FDA ripped over breast implant safety as agency seeks mammogram change

breastimplantUncle Sam has paid what critics have called long overdue attention to women’s breasts and how surgeons and diagnosticians treat them.

In an angry and emotional public hearing, women ripped the federal Food and Drug Administration for lax oversight of implants that surgeons use to augment and reconstruct breasts, even as the agency proposed its first changes in 15 years to guidelines about mammograms for patients with dense breast tissue.

The FDA has been under fire for decades over breast implants, mostly banned in 1992 but allowed anew in 2005. Experts long have debated whether materials in the implants, notably silicone and not necessarily saline fillings, may be injurious to women’s health. New concerns have developed over surface texturing on the devices, which are supposed to help in the surgery but may affect tissues around and near the breast, leading to spikes in reported cases of rare cancers.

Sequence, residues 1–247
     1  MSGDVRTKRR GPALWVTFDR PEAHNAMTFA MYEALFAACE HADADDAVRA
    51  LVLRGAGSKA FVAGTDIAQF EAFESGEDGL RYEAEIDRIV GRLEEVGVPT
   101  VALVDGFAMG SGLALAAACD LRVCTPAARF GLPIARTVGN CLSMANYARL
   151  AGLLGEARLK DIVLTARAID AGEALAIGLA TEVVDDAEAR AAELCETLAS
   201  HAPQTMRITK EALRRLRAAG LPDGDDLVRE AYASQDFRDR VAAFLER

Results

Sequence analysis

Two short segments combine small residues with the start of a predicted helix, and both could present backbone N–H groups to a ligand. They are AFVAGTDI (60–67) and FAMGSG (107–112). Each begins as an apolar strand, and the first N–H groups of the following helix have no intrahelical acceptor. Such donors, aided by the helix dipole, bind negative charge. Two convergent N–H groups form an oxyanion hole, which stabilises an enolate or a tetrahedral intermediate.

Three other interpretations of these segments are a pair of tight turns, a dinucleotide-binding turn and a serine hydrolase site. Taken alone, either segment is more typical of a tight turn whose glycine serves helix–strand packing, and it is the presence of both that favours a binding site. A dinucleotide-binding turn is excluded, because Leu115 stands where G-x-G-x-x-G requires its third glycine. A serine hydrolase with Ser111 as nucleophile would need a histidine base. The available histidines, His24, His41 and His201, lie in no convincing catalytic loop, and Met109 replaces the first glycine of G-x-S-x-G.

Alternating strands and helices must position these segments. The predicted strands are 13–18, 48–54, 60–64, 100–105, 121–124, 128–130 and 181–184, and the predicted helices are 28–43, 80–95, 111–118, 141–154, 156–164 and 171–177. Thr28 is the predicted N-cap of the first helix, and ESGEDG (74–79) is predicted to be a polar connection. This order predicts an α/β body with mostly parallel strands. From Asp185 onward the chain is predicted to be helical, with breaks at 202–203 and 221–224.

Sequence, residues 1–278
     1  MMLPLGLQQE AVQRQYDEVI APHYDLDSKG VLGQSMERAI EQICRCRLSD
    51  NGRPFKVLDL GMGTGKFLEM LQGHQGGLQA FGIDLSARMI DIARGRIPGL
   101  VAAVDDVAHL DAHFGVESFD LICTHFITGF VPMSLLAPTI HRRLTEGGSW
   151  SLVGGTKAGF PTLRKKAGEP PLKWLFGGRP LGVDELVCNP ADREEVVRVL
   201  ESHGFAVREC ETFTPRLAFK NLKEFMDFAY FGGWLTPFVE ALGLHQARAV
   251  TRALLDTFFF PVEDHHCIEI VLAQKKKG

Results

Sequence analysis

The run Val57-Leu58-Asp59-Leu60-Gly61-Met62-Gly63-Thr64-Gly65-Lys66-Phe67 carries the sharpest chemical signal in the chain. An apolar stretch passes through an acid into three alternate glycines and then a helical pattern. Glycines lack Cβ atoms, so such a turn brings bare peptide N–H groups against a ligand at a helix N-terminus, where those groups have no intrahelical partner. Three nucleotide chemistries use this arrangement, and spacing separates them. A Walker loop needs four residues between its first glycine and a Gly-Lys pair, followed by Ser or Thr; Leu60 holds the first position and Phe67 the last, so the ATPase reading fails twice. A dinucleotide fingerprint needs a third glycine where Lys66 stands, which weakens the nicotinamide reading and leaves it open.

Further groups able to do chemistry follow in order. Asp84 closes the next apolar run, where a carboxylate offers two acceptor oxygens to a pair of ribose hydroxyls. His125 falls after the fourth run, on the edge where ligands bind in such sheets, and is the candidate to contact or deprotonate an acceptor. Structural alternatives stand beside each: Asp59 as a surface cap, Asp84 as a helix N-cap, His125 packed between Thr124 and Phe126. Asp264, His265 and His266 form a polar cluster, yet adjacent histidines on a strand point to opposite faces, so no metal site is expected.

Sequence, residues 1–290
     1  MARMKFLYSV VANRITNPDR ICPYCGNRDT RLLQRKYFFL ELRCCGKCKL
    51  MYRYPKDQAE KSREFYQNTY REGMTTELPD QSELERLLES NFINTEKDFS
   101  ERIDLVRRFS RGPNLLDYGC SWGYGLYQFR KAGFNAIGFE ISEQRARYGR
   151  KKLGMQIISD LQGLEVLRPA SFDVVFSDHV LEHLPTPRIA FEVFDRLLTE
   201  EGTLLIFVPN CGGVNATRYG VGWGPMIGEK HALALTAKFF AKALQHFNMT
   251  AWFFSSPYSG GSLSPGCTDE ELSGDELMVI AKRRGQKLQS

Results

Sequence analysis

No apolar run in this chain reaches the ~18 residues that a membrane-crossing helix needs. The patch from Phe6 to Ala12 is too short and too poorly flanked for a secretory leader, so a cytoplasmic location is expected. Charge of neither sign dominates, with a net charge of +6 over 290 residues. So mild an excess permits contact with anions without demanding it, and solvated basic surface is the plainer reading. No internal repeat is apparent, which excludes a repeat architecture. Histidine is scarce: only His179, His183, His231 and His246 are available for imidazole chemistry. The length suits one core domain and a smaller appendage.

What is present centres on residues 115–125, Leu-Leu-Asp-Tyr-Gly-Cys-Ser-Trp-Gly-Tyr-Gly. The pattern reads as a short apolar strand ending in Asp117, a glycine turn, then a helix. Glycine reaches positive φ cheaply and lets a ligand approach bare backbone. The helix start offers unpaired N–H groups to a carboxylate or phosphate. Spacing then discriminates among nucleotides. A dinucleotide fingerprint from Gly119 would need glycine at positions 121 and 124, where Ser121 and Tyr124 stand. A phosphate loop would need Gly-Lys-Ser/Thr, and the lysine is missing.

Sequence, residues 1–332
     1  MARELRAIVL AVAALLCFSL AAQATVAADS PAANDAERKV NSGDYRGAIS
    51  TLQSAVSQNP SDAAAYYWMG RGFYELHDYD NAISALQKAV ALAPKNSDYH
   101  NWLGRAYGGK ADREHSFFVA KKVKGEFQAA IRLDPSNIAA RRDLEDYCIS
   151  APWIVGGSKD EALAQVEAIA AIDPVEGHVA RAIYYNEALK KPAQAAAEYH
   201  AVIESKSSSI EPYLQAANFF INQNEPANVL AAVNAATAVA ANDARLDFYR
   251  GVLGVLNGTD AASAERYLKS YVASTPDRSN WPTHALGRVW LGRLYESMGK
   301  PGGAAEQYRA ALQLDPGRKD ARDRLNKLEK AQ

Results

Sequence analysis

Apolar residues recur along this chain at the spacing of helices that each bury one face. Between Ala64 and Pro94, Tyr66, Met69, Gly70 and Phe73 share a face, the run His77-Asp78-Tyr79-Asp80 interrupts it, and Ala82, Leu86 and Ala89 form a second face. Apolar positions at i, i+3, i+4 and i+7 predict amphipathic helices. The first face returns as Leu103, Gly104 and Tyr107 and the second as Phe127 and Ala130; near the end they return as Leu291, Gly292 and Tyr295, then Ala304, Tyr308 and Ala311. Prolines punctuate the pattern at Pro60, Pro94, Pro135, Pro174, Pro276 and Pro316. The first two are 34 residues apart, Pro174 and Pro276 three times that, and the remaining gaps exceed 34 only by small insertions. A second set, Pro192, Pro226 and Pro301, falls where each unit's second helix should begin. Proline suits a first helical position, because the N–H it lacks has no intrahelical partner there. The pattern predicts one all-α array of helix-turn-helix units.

Women told FDA medical advisors at the hearing in Silver Spring, Md., that they should have gotten much more information about implant risks. Some wore pink- and green-striped ribbons to show their solidarity with women who say they have implant-related lymphomas, while others wore black- and white-striped ribbons to stand with women with “breast implant illness,” a constellation of autoimmune problems that includes joint and muscle pain and allergies and fatigue.